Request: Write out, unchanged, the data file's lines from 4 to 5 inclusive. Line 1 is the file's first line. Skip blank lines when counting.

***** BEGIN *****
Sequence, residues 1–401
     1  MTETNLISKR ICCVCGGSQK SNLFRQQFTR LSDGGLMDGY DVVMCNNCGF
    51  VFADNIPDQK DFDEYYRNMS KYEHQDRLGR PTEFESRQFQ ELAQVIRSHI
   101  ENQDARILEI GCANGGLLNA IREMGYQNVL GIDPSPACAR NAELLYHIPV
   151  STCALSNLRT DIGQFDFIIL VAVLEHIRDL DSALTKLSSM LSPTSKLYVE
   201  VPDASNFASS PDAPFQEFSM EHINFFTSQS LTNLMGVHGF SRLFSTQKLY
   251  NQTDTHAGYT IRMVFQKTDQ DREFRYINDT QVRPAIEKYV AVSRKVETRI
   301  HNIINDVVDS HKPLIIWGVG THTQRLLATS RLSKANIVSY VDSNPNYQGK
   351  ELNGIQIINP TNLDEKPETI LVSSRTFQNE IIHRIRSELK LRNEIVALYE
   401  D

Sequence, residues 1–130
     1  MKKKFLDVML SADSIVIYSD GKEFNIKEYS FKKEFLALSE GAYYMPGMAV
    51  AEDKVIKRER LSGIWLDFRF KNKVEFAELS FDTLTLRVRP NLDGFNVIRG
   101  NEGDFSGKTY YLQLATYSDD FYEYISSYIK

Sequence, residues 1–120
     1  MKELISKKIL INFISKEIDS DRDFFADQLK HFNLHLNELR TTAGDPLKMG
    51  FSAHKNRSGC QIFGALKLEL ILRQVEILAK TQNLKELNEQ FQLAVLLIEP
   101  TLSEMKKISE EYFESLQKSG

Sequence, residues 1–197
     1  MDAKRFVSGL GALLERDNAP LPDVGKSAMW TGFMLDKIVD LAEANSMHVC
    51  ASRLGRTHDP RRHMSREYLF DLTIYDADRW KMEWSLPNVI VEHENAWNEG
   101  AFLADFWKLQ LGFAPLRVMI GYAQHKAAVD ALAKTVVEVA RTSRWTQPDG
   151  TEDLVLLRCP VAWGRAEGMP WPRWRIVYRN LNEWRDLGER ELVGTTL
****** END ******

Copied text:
   101  ENQDARILEI GCANGGLLNA IREMGYQNVL GIDPSPACAR NAELLYHIPV
   151  STCALSNLRT DIGQFDFIIL VAVLEHIRDL DSALTKLSSM LSPTSKLYVE